We have a Microsoft PKI configuration in our organization. According to just about every certificate I've ever seen, new certificates issued by our issuing certification authorities will place the serial number and the thumbprint in HEX format, with each byte separated by a space. Recently, we had an upgrade of HSM. No real changes have been made to our CAs other than their configuration with the HSM. Now, all new certificates are issued with serial numbers and fingerprints, always in HEX (I see letters), but more space.
Could it be something that HSM is doing (Thales device)?
Is there a place in a Microsoft public key infrastructure to change the formatting of these numbers?
Should I even worry about it?
I know how an application uses a serial number / certificate fingerprint specific to this application. Some require that you remove the spaces and others not. But some applications read it directly from the certificate store and I wonder if the atypical format would bother them. Are there issues related to issuing certificates in this format?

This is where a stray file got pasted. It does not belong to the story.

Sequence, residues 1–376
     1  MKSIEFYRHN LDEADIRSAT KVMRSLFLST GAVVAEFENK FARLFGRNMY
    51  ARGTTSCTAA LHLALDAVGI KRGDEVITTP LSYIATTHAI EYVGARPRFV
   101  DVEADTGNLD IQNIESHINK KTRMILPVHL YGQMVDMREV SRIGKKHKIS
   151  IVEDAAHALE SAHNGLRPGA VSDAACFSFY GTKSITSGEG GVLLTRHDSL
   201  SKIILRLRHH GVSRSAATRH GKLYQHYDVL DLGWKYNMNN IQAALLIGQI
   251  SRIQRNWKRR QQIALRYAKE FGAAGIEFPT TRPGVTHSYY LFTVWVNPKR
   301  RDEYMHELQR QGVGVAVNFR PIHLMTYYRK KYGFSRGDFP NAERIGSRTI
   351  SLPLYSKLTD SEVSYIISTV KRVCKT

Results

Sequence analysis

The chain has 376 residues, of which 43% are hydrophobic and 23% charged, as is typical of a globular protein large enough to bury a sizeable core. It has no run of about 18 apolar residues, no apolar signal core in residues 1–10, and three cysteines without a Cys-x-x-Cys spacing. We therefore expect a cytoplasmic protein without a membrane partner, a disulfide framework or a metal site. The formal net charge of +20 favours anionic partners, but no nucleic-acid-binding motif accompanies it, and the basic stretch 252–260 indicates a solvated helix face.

For the moment, we had no problems reported. The AuthN smart card and our SCCM workstation certificates seem to work well with the new certificates.
I assume that the serial number and the thumbprint are stored in a fixed number of bytes in the file and that, therefore, this formatting is purely the result of the display I am using. At first, I thought the Windows Certificate Viewer and Windows 10 1809 might be a novelty, but older certificates are always displayed with spaces; so it does not seem like the viewer has changed and I have to assume that it's something with the certificate file format.